Author galleys are the last stop before a writer relinquishes a book for good. Having the author, as well as the publisher, go over the galleys serves a very useful purpose: The author cannot then scream about typos, since he or she had every chance to catch them. On the other hand, the publisher risks having the author begin to rewrite on the galleys, with higher costs to then have the pages reset.
I am resisting this impulse as I go over the galleys for my novel Dogs, due out in July from Tachyon Press. My hope is to finish correcting the proofs before I leave for the Nebulas in Austin, on Thursday morning. The galleys are pretty clean, as these things go, but I see a lot of word choices, sentence structures, and even scene arrangements that I wish I'd done differently. Too late. To quote a popular cliche, now the book is what it is.
Dogs is about a mutated virus that affects dogs' brains, turning even sweet-natured pets into killers. The major characters are an animal control officer who must cope with a town full of suddenly dangerous dogs plus their baffled, furious, terrified, or resistant owners; and a female ex-FBI agent who suspects there is more going on here than at first appears. One of the pleasures of writing a book like this is getting to put in all the real dogs one wishes -- much more satisfying than including real people in novels. In Dogs, I found roles for my toy poodle, my agent's Bernese mountain, a friend's beagle, another friend's ancient cocker spaniel, and a huge, 180-pound Newfoundland I encountered in the vet's office. "Cry havoc, and let slip the dogs of publishing..."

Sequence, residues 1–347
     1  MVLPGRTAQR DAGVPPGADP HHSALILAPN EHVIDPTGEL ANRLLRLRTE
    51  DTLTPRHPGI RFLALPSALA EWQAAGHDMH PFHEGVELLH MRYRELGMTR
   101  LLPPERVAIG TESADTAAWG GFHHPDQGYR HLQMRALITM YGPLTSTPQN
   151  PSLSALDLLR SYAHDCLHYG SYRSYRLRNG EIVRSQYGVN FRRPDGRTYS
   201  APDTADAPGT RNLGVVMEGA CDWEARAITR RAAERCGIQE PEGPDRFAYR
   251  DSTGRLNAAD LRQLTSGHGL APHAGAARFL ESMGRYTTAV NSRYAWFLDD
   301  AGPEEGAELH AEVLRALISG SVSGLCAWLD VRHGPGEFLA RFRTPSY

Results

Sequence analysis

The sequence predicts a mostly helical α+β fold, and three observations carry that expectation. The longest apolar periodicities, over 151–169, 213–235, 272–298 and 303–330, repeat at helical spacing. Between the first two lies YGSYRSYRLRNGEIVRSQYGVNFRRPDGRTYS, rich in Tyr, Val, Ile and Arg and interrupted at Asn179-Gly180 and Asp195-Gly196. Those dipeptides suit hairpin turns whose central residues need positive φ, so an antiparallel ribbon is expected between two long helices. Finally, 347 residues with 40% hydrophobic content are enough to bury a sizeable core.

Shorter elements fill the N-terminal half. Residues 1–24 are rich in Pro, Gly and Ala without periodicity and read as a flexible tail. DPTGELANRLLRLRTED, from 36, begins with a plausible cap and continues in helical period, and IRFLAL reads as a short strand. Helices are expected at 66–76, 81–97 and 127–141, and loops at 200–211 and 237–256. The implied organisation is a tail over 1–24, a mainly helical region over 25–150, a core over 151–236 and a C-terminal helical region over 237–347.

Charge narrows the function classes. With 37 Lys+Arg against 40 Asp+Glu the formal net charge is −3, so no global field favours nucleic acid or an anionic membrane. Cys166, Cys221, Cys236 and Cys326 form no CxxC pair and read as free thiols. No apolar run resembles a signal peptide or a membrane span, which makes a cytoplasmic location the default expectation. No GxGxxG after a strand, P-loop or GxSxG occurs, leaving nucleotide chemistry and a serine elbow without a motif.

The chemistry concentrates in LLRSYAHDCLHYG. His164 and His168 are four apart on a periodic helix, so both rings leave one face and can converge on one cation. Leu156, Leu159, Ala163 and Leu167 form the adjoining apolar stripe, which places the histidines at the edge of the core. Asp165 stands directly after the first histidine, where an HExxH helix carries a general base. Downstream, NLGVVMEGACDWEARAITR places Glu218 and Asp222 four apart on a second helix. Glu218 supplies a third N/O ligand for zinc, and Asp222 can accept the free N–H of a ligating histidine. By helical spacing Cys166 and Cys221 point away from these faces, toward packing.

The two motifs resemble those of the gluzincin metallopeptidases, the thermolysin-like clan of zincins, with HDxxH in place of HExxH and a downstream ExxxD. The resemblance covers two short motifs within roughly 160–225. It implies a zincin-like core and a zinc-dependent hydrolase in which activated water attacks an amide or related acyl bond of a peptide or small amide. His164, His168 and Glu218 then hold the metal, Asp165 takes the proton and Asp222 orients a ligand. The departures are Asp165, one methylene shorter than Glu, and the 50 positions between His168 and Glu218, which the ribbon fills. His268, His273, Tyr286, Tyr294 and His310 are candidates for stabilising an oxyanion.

Or something like that.